December 22, 2009

Wyden and Cornyn Launch Effort to Help Victims of Sex Trafficking

Legislation provides comprehensive plan to help law enforcement and victims

Washington, D.C. - Reaching out to help the neglected victims of sex trafficking and crack down on their abusers, U.S. Senators Ron Wyden (D-Ore.) and John Cornyn (R-Tex.) introduced legislation today that would take a comprehensive approach to shutting down human sex trafficking. The Trafficking Deterrence and Victims Support Act of 2009 includes provisions to set up block grant pilot projects in six states that would establish shelters for victims and provide treatment, counseling and legal aid, while also giving law enforcement the tools to crack down on pimps.

"It's time we started rescuing the victims of sex trafficking and imprisoning those who profit from human slavery," said Wyden. "The federal government has a responsibility to catch and prosecute modern-day slave owners, and providing a realistic way out for their victims will help achieve that end."

"Our nation must remain committed to ending the scourge of human trafficking. This legislation will provide valuable assistance to state and local governments on the front lines of battling organized criminal syndicates and violent gangs that traffic humans for labor and sex," said Cornyn. "I am proud to partner with Senator Wyden on this important bipartisan effort."

Block grant locations would be chosen by how they rate on criteria such as the presence of significant sex trafficking activity; demonstrated participation by local, state, and federal law enforcement agencies, prosecutors and social service providers; and a workable plan to provide comprehensive, wrap-around services to human trafficking victims, including the establishment of a shelter facility.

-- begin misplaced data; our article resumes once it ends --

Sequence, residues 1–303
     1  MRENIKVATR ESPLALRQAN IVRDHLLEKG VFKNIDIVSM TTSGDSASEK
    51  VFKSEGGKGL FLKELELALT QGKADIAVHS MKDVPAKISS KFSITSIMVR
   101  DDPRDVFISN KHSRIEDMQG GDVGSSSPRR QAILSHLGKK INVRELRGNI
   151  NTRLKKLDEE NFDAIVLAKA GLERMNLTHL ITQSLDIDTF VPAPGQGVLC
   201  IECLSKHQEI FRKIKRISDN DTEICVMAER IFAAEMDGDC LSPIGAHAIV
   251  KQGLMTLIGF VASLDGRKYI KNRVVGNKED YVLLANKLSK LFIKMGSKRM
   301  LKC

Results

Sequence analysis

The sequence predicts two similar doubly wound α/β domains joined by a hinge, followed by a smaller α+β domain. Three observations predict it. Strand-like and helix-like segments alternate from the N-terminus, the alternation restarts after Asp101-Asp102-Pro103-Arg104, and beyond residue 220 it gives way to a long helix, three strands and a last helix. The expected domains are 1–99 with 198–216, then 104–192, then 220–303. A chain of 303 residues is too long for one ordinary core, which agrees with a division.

Each block grant would be funded at $2.5 million per year and could be renewed for two additional years. Items to be funded by the block grants would include:

· A shelter for trafficking victims;

· Clothing and other daily needs in order to keep victims from returning to the street;

· Victims' assistance counseling and legal services;

· Education or job training classes for victims;

· Specialized training for law enforcement and social service providers;

· Police officer salaries - patrol officers, detectives, investigators;

· Prosecutor salaries, and other trial expenses;

· Investigation expenses - wire taps, expert consultants, travel, other "technical assistance" expenditures; and

· Outreach, education, and prevention efforts, including programs to deter offenders.

The bill would also help boost prompt reporting of information on missing and abducted children to the National Crime Information Center (NCIC) and provide funding to improve the NCIC missing children database. More timely reporting would help law enforcement identify repeat runaways, who are statistically proven to be more likely to be lured into prostitution.